Andy Brown, one of the leading visionaries of IT infrastructure on Wall Street, joined us for a conversation on topics including the current state of network design, the hyperscale versus enterprise mindset, some signals that network innovation is sinking in and navigating networking career paths.Below are some transcript highlights from a fun afternoon. Andy, thank you.
You’ve been a vocal leader in the infrastructure community for a decade now, and have been a part of some of Wall Street’s most advanced designs. From the CTO chair, what is the state of innovation in networking today?
Having run one of the first virtualization initiatives on Wall Street, one of the things that I can tell you is, we kind of did networking but not really. We did server virtualization, and we introduced this whole notion of thin provisioning of storage back in 2006 in that particular implementation. In terms of the networking, we really didn’t implement a cloud centric or virtualization centric networking solution.One of the things that has been both frustrating and interesting since then is that server virtualization and storage virtualization have continued, one might argue that the innovation in server virtualization has moved a little (20-25%) maybe since ‘06 or ‘07, storage virtualization has definitely improved and some of things that 3par did and now kind of common features found in EMC, Netapp and other products. Both in network and security, you could argue that they are lacking significantly the level of automation and let’s say the amount to which policy is driving the outcome over server and storage. That is a bit of a frustration and in a way it’s allowed the complexity that is existed in enterprise data centers to persist.
We’ve spoken a number of times on the mindset shift from enterprise IT to hyperscale design. Care to riff on that?
A: So there is almost an east/west divide, and as someone who roughly half my time in west coast, roughly half on east coast, I see it really clearly. It is almost a paradox. All these east coast companies want auto scaling and all the other capabilities of cloud that you can get from building from on top of cloud but then there is still some view underneath that somehow or the other that the cloud can’t support transactions. There is definitely still a view on that, east coast mentality perspective. The west coast guys look at the east coast guys and they say “Why aren’t you adopting this? It is so much cheaper, faster and better…”I’m not saying it is an easy bridge to cross. If you look at any of places where I’ve worked recently you are taking about 10000 applications they are all different. They have been designed differently; they have a different ways of doing disaster recovery, different ways of doing state and storage replications. The challenge I think is, how you squeeze out the cost from those kind of applications, automate as much of them as you can from both the infrastructure and the application side, but stop adding more, still digging the hole, stop building more apps that look like infrastructure and start building apps that use a consistent infrastructure for areas like disaster recovery, data replication, common storage and so on.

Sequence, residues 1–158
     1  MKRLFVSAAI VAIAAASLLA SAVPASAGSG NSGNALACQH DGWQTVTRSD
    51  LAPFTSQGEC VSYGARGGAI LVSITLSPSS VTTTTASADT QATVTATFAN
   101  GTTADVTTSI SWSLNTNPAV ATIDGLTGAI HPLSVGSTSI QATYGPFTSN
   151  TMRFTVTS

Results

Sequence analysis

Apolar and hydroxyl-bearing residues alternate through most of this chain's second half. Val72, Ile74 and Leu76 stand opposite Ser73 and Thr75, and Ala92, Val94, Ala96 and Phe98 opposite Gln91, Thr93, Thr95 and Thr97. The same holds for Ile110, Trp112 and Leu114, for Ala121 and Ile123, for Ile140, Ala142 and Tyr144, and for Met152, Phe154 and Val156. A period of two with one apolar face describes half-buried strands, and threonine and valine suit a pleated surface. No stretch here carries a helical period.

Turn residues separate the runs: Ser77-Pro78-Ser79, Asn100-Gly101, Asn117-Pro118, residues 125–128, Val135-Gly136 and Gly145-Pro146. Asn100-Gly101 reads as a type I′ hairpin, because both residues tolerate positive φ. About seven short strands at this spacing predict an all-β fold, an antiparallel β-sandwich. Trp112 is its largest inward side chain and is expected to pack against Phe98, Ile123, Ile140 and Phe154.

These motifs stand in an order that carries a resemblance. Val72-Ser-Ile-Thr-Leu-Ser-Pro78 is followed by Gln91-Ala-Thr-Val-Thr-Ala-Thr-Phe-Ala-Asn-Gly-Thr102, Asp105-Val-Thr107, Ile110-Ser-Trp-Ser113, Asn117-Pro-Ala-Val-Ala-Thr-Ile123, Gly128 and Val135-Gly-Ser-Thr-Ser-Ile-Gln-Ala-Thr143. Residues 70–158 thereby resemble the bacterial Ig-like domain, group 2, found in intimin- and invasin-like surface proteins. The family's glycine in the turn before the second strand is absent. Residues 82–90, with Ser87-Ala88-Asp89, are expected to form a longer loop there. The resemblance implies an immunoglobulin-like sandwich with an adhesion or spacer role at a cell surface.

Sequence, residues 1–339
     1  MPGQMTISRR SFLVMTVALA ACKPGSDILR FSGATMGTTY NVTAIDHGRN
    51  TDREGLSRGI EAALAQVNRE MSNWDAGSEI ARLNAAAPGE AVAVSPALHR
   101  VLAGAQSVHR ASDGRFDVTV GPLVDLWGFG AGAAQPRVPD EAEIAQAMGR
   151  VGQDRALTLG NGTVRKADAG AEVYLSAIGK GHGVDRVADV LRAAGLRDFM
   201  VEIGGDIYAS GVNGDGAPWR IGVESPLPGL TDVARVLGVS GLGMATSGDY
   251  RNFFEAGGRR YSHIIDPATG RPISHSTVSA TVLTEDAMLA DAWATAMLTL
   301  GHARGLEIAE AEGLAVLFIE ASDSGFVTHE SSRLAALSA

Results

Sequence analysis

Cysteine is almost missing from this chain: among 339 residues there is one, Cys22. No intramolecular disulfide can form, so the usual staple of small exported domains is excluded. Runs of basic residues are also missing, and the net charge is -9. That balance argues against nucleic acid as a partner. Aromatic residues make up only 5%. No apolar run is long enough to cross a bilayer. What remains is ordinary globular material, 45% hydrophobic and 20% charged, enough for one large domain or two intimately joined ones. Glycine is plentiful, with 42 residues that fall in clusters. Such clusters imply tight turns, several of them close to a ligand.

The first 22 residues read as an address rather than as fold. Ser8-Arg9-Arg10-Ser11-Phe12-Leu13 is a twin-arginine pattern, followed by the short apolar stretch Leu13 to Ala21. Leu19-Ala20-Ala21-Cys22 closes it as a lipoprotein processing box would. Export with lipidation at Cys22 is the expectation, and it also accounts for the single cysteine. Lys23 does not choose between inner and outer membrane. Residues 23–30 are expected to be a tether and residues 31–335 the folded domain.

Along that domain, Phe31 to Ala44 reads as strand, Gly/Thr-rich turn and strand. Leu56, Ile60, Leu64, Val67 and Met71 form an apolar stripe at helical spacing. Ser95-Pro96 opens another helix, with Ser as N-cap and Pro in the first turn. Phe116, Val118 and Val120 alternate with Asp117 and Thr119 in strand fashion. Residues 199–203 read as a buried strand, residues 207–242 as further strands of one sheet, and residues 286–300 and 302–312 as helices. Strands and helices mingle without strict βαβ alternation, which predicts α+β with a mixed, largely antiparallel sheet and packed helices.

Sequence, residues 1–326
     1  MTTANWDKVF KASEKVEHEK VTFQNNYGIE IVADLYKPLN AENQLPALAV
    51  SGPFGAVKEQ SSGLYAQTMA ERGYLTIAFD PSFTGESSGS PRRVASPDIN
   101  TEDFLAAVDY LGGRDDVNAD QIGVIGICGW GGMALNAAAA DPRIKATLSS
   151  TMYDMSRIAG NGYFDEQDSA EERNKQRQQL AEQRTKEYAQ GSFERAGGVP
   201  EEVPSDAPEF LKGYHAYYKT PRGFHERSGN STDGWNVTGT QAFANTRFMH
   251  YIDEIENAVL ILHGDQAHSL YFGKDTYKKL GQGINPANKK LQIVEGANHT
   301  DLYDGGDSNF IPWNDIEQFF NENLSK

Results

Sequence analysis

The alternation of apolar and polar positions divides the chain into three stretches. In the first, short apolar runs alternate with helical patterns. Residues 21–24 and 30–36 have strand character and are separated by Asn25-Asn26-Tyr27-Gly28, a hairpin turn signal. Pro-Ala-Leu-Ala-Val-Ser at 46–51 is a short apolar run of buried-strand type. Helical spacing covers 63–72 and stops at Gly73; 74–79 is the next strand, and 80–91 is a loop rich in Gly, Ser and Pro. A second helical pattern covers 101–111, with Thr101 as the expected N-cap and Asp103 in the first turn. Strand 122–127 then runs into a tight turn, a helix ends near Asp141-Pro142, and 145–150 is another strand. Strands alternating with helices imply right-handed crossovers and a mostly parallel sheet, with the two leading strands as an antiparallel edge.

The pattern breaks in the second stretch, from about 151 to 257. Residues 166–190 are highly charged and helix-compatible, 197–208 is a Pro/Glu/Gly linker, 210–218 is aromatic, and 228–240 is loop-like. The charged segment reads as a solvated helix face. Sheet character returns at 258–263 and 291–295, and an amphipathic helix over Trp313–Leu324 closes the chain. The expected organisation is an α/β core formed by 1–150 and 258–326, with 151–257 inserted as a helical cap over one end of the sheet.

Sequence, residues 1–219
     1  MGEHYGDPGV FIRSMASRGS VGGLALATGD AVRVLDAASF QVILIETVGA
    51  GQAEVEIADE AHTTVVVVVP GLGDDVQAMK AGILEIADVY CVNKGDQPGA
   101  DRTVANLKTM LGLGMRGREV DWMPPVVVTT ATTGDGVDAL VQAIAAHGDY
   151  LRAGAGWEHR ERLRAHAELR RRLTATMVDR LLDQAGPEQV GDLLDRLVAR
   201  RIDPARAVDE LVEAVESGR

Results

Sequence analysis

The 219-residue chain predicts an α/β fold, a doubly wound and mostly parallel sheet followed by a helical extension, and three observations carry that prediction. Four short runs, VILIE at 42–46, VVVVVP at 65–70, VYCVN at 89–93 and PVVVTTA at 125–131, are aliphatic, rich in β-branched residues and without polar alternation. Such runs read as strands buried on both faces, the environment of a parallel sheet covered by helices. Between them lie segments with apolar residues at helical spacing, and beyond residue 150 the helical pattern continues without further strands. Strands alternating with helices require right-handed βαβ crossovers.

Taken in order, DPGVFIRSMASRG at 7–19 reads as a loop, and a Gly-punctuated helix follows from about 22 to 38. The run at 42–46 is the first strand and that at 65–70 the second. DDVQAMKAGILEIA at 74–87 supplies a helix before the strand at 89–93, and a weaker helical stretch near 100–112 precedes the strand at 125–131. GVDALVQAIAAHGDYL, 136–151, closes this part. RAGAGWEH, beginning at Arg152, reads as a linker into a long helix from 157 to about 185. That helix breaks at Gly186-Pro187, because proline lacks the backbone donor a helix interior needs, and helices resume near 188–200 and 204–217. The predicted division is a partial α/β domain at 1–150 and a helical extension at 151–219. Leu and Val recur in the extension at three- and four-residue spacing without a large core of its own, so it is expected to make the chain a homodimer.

So what are some of the first steps we’ll see from the enterprise side as the hyperscale design philosophy grows to embrace a broader community?
Networking at the enterprise level has not yet gotten integrated in to the process of how you provision apps or cloud. However, in the hyperscale-style designs [centralized controllers], you have far few boxes to manage and you can manage it like a wholesaler then a retailer. That is kind of the way I think about networking -- it has not really become integrated into the process of how you provision apps or cloud.
And on the vendor side?
Someone will figure that out how to take application design patterns and network blueprints and network templates and create automated provisioning and whoever does that is going to be very successful. One interesting point is that I see the large vendors doing the opposite of that.
In the midst of all of the change going on in data center design and on the networking landscape, any parting words of advice for network engineers today thinking about their careers?
If data-center networking is the thing that you want to be good at, then you have to start learning about storage, and service, and security and get out of your silo and start talking to people. Communication is still one of the biggest challenges, I think, in running a large organization and when you are embedded in the line (silo) and you are being given a thousand things to do every day, taking the time to start to understand what ecosystem you are part of, who is part of your supply chain, who is upstream from you, who is downstream from you is important.